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    I'm hoping with a lot of the "top guns" now out of the picture, at least for this season - Lysacek, Weir, Plushenko, Lambiel, etc - skaters like Verner and Abbott can really take advantage of the situation and skate up to their capabilities. I think both men are tremendously talented and if they can control their nerves and become more consistent, there's no reason why they can't be on the GPF and World podium this season. Last season they got hurt a bit on the PCS side of things, but I think that was mostly due to being inconsistent and, in Verner's case, being sick the majority of the season. Even with so many men gone, the field still seems deep. Joubert I see doing more of the same, still being prone to mistakes but always managing to skate well enough to stay on the podium at most competitions. The younger skaters, especially Brezina and Rippon, I expect to become major forces this season, and Amodio and Fernandez, maybe even Shultheiss, I think will become players on the European if not the World stage. I think the fate of these younger skaters depends a lot on if Abbott and Verner are able to get themselves together this season, as I tend to think a clean Abbott or Verner with quads would be able to edge out most of these younger skaters, although who knows. I do think that these young rising skaters, especially in Europe, may come to overshadow skaters like Contesti and Van Der Perren as early as this season.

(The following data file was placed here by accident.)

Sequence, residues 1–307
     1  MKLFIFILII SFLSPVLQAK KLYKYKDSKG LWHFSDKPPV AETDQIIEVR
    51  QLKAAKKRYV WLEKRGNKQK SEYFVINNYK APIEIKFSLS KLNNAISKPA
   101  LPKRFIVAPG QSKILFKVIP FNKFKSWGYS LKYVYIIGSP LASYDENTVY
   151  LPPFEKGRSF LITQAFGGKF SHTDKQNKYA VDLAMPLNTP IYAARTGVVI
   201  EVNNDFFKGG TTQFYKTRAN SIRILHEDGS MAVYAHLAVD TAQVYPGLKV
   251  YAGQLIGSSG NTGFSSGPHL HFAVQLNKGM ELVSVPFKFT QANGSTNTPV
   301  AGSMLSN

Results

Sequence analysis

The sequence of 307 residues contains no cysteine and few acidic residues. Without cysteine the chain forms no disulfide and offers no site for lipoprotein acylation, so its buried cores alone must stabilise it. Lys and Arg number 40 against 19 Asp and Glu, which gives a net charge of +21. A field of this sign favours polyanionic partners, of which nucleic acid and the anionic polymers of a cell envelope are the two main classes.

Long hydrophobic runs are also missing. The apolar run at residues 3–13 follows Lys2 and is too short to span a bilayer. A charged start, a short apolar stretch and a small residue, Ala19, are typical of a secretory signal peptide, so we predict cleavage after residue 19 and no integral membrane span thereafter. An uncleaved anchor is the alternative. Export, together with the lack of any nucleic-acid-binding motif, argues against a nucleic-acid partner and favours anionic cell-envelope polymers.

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    Takahashi looks to dominate the season. The problem last season was that it was his comeback from injury season and he couldn't do long programs with consistency in the GP Series because he did not have the stamina. I mean he would do amazing in short programs but then totally collapse and stumble in some long programs. If Verner out of stubborness hadn't have stayed in the Grand Prix final even while he was sick Takahashi would have went from first to last! This was in evidense in a limited way even at the Olympics. At Worlds he really was able to conquer that. Oda may fall off the team. There is Michida and world jr champ Hanyu. Kozuka may overshadow him.